Her name means "mother" and in many ways she was regarded by the Egyptians as the great "world mother," and mother of the pharaohs.
It appears that Mut was originally the female counterpart of Nun. However, in Thebes she replaced Amaunet to become the wife of the great god Amon. Her son was the local god of the moon, Khonsu. Together, the three formed the triad of Thebes that would dominate Egypt during the New Kingdom.
Mut is one of the few goddesses who were self-created. She was called, "Mut, who giveth birth, but was herself not born of any."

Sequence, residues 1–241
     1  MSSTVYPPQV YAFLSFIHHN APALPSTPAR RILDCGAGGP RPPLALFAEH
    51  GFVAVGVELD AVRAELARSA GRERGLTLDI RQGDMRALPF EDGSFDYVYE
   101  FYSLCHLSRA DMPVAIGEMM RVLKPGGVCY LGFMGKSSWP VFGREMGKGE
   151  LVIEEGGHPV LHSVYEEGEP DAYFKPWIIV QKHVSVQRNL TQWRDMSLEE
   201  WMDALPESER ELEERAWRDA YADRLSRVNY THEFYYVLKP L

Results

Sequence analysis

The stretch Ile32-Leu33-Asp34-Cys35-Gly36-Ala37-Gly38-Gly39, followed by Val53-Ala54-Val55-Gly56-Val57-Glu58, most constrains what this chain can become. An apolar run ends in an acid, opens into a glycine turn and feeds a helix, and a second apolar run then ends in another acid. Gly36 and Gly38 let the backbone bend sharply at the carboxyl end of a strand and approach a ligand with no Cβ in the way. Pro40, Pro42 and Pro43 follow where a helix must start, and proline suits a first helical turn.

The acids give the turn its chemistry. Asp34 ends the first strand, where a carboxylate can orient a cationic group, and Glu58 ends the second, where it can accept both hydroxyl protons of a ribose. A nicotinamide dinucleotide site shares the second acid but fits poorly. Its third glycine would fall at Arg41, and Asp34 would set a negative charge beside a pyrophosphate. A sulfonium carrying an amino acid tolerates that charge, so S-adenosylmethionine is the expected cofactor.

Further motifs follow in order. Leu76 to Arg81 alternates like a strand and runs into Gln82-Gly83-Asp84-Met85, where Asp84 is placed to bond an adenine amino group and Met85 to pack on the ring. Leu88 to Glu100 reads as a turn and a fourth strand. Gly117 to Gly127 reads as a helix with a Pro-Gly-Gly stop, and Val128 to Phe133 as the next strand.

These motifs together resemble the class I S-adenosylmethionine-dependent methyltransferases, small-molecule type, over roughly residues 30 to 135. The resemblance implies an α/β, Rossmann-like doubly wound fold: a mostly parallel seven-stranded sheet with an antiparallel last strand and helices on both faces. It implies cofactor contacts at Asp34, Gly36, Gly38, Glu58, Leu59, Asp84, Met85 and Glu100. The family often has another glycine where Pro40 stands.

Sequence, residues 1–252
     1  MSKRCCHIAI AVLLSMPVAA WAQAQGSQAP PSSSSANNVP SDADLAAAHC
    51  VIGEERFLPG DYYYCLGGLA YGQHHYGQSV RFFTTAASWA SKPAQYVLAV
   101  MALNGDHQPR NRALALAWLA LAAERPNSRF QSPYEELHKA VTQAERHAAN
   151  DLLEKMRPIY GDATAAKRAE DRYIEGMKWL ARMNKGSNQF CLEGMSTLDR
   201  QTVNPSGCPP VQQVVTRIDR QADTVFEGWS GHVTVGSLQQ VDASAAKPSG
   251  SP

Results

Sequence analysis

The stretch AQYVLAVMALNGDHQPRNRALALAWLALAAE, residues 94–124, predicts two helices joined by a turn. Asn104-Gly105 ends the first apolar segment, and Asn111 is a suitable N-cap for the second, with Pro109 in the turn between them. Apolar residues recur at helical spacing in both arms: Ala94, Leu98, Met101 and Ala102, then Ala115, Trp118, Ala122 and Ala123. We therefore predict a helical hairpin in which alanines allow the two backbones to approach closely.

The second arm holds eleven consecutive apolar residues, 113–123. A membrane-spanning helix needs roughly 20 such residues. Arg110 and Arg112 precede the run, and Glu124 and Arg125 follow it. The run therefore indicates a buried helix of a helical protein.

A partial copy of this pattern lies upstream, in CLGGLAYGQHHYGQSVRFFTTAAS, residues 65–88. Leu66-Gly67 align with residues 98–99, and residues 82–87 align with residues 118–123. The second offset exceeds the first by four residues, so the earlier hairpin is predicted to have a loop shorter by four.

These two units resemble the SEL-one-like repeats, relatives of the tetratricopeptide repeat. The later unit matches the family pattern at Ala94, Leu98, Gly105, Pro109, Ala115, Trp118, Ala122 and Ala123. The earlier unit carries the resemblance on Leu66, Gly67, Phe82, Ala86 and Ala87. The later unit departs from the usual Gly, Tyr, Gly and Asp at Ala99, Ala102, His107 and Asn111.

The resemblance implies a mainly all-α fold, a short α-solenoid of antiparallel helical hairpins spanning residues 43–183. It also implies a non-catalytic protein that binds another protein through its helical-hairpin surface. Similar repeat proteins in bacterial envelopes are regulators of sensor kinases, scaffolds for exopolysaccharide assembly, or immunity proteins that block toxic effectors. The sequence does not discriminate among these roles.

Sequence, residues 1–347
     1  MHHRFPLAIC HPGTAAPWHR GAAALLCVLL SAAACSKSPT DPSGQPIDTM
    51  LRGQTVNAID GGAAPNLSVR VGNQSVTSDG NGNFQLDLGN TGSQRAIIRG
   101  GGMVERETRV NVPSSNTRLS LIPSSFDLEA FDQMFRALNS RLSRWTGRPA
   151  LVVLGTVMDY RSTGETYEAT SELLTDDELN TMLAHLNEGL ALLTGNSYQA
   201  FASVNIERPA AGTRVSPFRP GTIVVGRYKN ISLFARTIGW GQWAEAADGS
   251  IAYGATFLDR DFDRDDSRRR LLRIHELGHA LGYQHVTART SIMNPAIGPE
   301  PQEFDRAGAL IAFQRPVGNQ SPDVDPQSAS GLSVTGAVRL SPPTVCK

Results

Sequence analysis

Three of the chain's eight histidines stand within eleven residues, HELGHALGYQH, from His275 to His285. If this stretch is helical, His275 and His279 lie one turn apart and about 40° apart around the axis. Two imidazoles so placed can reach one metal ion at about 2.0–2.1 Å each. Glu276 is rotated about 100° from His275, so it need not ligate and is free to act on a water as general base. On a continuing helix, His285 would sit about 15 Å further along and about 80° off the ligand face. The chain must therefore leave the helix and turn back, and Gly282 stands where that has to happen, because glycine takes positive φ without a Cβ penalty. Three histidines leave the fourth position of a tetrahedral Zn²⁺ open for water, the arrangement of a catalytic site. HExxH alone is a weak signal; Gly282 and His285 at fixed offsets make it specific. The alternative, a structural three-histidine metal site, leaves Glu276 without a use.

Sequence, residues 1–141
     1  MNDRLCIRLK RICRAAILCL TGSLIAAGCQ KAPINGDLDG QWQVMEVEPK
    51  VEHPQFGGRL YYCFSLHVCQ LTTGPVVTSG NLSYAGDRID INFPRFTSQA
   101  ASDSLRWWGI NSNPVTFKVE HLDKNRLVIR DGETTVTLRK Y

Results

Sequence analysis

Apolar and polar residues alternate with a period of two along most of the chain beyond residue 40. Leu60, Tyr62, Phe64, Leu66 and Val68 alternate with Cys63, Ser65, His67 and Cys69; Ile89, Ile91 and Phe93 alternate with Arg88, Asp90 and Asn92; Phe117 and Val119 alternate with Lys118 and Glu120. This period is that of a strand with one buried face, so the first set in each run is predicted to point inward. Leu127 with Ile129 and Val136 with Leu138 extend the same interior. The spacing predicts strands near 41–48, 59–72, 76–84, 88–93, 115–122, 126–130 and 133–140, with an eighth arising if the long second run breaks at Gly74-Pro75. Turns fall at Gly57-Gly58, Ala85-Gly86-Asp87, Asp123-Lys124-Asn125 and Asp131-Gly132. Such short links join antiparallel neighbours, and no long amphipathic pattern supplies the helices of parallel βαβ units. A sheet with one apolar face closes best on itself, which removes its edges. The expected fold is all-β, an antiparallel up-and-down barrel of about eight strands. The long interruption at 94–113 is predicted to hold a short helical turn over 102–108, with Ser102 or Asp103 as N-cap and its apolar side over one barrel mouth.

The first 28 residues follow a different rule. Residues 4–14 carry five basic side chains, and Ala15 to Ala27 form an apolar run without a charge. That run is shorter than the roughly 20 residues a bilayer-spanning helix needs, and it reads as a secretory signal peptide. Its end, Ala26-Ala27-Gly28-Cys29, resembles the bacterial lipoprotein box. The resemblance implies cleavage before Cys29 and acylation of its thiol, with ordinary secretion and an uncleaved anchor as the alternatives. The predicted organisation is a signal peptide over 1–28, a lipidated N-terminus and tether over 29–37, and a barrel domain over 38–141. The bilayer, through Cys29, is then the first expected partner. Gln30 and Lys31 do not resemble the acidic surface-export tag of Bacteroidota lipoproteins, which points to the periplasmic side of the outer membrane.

The goddess is usually portrayed as a woman wearing the united crowns (or Double Crown) of the North and the South. In her hands she holds the papyrus sceptre and the emblem of life, ankh. Other images show her as a woman standing upright. Her arms are stretched out at 90 degree angles to her body and have large wings attached to them. The feather of Ma'at is at her feet. Some portraits depict Mut with the heads of a man, a woman, a vulture and a lioness. She has a phallus, a pair of wings and the claws of a lion.
The center of her worship was a quarter of Thebes called Asher (Ashrel, Ashrelt, Isheru). Her temple, Het-Mut, was just south of that of Amen-Ra.